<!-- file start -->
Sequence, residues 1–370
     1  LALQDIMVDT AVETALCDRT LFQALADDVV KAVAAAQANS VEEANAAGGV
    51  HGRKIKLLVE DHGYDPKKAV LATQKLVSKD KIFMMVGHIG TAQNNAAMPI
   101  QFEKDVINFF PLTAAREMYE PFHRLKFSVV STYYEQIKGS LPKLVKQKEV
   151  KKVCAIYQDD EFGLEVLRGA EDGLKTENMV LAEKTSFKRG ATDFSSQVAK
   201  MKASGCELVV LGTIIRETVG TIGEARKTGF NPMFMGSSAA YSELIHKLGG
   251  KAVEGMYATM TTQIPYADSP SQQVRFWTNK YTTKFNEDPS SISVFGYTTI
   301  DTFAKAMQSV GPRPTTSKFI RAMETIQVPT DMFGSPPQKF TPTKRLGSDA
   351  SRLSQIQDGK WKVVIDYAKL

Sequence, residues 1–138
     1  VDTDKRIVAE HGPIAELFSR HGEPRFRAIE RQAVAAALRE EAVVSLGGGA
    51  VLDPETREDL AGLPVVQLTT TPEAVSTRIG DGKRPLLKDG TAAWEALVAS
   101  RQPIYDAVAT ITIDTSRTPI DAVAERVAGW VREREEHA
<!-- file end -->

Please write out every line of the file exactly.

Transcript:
Sequence, residues 1–370
     1  LALQDIMVDT AVETALCDRT LFQALADDVV KAVAAAQANS VEEANAAGGV
    51  HGRKIKLLVE DHGYDPKKAV LATQKLVSKD KIFMMVGHIG TAQNNAAMPI
   101  QFEKDVINFF PLTAAREMYE PFHRLKFSVV STYYEQIKGS LPKLVKQKEV
   151  KKVCAIYQDD EFGLEVLRGA EDGLKTENMV LAEKTSFKRG ATDFSSQVAK
   201  MKASGCELVV LGTIIRETVG TIGEARKTGF NPMFMGSSAA YSELIHKLGG
   251  KAVEGMYATM TTQIPYADSP SQQVRFWTNK YTTKFNEDPS SISVFGYTTI
   301  DTFAKAMQSV GPRPTTSKFI RAMETIQVPT DMFGSPPQKF TPTKRLGSDA
   351  SRLSQIQDGK WKVVIDYAKL

Sequence, residues 1–138
     1  VDTDKRIVAE HGPIAELFSR HGEPRFRAIE RQAVAAALRE EAVVSLGGGA
    51  VLDPETREDL AGLPVVQLTT TPEAVSTRIG DGKRPLLKDG TAAWEALVAS
   101  RQPIYDAVAT ITIDTSRTPI DAVAERVAGW VREREEHA